Title: La Belle Saison
Director: Catherine Corsini
Writers: Catherine Corsini, Laurette Polmanss
Stars: Cecile De France, Izia Higelin
Release Date: In cinemas now.
Review by: Dave Griffiths
Normally when a film is made centering around the romance genre, you can expect something light and fluffy with a little bit of cheesiness to round it off. That certainly isn’t the case with new French film La Belle Saison. It may be set back in the 1970s, but it explores topics that are very relevant today.
Set in France in 1971, La Belle Saison sees young Delphine (Izia Higelin – Bad Girl) leave her parent’s farm and go to find work in Paris. While in Paris, Delphine’s eyes are opened and her ideals are awoken as she joins a group passionate about bringing women’s rights to France. It’s while taking part in activities with this group that Delphine meets young teacher, Carole (Cecile De France – Hereafter) and falls madly in love with her. Their relationship hits a snag though when Delphine’s father becomes ill and she returns to the farm to work. She’s suddenly faced with the daunting prospect of having to tell her mother and her local community that she is gay while trying to prove that a woman can indeed be a farmer.
La Belle Saison certainly touches on some pretty deep topics. As if showing the audience how difficult it was to protest for women’s rights in 1970s France, the film then explores deeper topics as it looks at one woman having to tell her partner that she has fallen for a female while the other woman in the relationship has to face telling her parents that she is gay. The fact that this film does it in such a way that it never becomes preachy really is a credit to filmmaker, Catherine Corsini (Leaving).
As an audience member, La Belle Saison is the kind of film that sticks with you. Corsini has shot this film in a way that it captures the true beauty of the French countryside, but at the same time it has captured some emotionally draining scenes as Delphine and Carole’s relationship causes ripples for those around them. By the time the film reaches the point where Delphine has to make the biggest decision of her life, the film has you on the edge of your seat in the same way that a thriller would.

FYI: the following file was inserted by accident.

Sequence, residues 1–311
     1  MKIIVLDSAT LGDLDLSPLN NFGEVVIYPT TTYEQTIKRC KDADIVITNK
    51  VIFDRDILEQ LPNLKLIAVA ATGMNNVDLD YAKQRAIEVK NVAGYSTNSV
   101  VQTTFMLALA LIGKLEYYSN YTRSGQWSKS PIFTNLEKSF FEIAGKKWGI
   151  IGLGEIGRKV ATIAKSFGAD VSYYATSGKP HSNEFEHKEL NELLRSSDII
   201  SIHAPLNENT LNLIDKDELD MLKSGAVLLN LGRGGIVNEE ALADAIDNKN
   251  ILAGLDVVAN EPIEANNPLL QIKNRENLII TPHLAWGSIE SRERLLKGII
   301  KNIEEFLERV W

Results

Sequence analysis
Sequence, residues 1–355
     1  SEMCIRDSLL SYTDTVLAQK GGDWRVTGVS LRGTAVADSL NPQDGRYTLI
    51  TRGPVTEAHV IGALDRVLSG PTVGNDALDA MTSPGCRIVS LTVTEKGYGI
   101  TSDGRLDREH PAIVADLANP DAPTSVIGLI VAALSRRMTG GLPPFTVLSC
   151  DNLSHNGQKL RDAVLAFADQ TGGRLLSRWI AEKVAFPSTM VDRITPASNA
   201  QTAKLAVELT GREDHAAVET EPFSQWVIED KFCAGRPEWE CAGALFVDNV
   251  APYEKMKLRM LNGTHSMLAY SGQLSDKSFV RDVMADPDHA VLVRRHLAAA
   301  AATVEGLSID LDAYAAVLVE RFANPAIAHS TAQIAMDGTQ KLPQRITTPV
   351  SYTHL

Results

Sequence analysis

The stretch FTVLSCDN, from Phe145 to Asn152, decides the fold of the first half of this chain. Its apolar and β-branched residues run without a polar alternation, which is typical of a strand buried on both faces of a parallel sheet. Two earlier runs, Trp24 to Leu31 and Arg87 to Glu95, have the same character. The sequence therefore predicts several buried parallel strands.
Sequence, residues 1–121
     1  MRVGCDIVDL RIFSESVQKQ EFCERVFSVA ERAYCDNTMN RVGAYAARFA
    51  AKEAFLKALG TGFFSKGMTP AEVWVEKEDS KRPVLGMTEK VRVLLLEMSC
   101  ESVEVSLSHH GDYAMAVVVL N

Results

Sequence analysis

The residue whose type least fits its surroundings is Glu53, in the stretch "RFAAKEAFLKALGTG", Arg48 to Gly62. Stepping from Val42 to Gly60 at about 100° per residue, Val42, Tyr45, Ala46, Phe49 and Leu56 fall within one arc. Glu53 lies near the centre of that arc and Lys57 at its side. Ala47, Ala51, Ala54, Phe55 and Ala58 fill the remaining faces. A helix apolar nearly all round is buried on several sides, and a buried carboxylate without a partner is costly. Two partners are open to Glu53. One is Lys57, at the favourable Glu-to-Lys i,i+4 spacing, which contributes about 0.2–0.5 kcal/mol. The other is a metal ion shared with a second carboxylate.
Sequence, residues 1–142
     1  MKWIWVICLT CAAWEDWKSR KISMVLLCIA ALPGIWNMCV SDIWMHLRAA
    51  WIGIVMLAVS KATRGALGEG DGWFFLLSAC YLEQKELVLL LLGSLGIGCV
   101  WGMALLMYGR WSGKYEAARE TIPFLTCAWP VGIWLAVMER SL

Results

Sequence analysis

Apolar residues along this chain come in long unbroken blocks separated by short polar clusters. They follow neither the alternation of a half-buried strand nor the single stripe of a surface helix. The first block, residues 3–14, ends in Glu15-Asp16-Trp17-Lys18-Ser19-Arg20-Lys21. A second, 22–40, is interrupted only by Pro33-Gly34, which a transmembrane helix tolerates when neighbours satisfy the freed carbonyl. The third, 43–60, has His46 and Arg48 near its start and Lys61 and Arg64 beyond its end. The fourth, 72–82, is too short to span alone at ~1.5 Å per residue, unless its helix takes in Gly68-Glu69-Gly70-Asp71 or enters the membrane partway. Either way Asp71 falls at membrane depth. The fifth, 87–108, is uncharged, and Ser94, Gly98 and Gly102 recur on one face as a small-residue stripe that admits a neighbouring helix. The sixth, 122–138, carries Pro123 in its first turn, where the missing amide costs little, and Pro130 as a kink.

Teaming up beautifully with their director, actresses Cecile De France and Izia Higelin make their characters people that the audience quickly warms to, which in return makes the audience want to see them both happy. Often when a character cheats on your partner, the audience can turn on them yet somehow here Corsini and De France expertly dodge this and have you wanting Carole to end up in Delphine’s arms. The performances by both Higelin and De France are truly sensational and, believe me, if this film was American we would be talking about Oscars for both of them. They both need to be truly congratulated for delivering two of the most powerful performances of the year.
While in my view last year’s film Carol failed in delivering a powerful message about gay rights and the women’s liberation moment, La Belle Saison hits its mark very, very well. With two brilliant performances from its leading ladies and a strong storyline that makes its audience really think this is one of the most powerful films of 2016.